By Sam Salbi, CEO, FitLyfe
Automation may summon dystopian visions of a labor force crowded out by machines that work 24/7, don’t take breaks, or demand a competitive benefits package. But, according to Accenture’s report Intelligent Automation Is Changing Healthcare, 2016, “Intelligent automation really means combining technology with people to get a job done — either in a more effective way or a more productive way.” The report goes on to state, “Intelligent automation is healthcare’s essential new coworker for the digital age because it takes things off the ‘thinking list’—adding value while lessening burden.”
Intelligent automation is not about laying off workers and replacing them with machines; it’s about elevating them to high-functioning roles which ultimately improves service quality and, as it relates to healthcare and wellness, outcomes.
Intelligent automation can be — and indeed in many ways already is — a force for good in improving healthcare delivery and outcomes. Consider the following impacts: decreased operational costs (claims administration, claims adjudication and processing, payment integrity complaints, and appeals), improved data analytics (tasks executed by robots allow for analysis), increased regulatory compliance (steps are tracked, traceable, and documented), increased efficiency and accuracy, higher employee productivity (software agents handle repetitive tasks, freeing workers to focus on higher-level activities), and improved member and provider management (account setup, eligibility, and enrollment, billing, and customer service).
But what we’ll start to see in the coming year is a shift from transactional automation to analytic automation as it begins to be applied to higher-level problem solving and critical thinking. This will move the conversation from cost reduction to quality, engagement, and innovation and will have significant ramifications for the way population health and wellness programs are designed, deployed, and utilized. Following are two examples:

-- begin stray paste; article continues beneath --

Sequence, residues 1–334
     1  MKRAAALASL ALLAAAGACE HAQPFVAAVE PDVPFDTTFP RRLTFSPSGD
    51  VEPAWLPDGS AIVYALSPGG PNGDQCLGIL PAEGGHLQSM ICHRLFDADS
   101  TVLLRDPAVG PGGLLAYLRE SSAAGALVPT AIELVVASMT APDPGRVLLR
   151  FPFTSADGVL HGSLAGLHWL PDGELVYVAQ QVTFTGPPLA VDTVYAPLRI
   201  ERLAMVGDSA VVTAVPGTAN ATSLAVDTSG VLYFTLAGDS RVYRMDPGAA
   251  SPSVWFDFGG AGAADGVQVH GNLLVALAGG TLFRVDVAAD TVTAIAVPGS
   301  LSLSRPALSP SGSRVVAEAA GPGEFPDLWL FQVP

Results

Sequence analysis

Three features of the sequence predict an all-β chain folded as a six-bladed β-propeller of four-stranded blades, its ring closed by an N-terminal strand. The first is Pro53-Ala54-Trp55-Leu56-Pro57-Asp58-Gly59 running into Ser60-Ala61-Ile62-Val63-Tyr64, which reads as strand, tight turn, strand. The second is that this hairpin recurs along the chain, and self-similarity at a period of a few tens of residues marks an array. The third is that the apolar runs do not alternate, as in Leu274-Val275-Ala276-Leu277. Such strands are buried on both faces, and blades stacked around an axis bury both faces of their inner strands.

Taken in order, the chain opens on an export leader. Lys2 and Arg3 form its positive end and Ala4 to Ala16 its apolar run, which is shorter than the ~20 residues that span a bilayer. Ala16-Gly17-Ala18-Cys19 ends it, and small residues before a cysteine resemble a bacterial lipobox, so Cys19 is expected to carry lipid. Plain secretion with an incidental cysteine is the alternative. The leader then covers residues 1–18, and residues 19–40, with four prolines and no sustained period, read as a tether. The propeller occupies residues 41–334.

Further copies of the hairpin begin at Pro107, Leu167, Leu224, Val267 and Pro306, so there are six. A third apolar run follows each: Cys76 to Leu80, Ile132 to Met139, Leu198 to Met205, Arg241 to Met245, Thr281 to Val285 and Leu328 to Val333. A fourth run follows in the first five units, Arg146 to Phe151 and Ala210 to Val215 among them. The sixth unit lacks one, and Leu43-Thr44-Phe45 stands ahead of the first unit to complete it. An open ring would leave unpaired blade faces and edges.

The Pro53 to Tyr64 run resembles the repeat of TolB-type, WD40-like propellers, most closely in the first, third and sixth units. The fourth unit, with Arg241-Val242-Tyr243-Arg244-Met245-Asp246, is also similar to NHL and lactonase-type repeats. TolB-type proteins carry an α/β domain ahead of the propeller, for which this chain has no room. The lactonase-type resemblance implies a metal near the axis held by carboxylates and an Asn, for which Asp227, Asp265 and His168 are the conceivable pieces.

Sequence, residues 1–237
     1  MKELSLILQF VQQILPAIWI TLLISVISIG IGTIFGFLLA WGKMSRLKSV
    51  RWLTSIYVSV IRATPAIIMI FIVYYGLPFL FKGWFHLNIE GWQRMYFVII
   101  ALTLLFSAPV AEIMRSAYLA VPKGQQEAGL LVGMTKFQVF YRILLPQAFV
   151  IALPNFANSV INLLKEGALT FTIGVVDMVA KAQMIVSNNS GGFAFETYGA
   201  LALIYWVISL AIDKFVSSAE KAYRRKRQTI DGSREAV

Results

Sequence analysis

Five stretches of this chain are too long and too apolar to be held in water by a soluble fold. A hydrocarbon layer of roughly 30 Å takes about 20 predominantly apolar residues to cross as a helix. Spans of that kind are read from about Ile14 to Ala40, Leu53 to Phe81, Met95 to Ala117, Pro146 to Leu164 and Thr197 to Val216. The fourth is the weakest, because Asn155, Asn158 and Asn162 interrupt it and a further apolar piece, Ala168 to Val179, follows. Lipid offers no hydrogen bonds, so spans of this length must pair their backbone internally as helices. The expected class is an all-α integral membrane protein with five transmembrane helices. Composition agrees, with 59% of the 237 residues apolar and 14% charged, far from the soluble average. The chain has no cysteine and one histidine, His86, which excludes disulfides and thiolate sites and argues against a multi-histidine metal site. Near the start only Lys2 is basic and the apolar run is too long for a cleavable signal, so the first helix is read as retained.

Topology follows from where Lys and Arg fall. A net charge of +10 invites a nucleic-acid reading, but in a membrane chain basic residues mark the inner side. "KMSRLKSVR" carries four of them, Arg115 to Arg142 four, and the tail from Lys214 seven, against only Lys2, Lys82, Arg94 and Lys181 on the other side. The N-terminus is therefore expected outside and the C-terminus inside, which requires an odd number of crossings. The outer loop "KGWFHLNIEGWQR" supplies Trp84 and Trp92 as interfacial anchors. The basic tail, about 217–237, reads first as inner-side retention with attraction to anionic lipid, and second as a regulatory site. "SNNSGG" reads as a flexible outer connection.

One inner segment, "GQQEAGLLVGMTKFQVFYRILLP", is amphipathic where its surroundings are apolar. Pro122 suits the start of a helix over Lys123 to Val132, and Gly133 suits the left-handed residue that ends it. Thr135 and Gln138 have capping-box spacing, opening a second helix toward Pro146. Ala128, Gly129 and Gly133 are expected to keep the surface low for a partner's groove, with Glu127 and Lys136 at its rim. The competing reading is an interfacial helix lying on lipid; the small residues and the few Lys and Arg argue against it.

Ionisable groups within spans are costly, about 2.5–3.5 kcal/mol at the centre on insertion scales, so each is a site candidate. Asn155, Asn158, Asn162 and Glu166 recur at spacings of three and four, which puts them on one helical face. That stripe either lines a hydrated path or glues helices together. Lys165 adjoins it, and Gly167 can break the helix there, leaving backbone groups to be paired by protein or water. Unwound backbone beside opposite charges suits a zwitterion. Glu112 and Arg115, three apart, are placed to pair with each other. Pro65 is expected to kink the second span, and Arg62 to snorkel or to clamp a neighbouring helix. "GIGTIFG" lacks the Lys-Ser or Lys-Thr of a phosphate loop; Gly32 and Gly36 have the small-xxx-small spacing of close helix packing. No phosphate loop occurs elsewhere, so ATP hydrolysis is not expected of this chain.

Intelligent automation is the future and, per the above, has huge implications for healthcare — from improving diagnostics and patient care to using actionable analytics to improve engagement and outcomes. The challenge is not only finding the right technology that allows you to apply a sophisticated level of automation, but in understanding that automation is, ironically, labor-intensive.
Typically, companies automate the chaos and end up with … automated chaos. Success begins by asking the fundamental question: what specific needs/objectives will automation solve? As automation technology becomes more powerful and refined, it will require dedicated and forward-thinking staff — HR, IT, senior management — working in concert to fully leverage its promise in meeting the single most important goal for any healthcare organization: improving outcomes.
About The Author
Sam Salbi is the CEO of FitLyfe, gofitlyfe.com, developers of custom-built population health and wellness automation solutions that increase utilization and improve outcomes through personalized engagement. FitLyfe empowers and educates consumers to take responsibility for their health by providing tools and resources uniquely tailored for each health and lifestyle profile. Organizations benefit from the ability to more strategically administer their incentive design and allocate their resources, track and measure trends and impact, reduce duplication and error, and, ultimately, cut costs through efficiencies, member retention, and improved health outcomes. He can be reached at firstname.lastname@example.org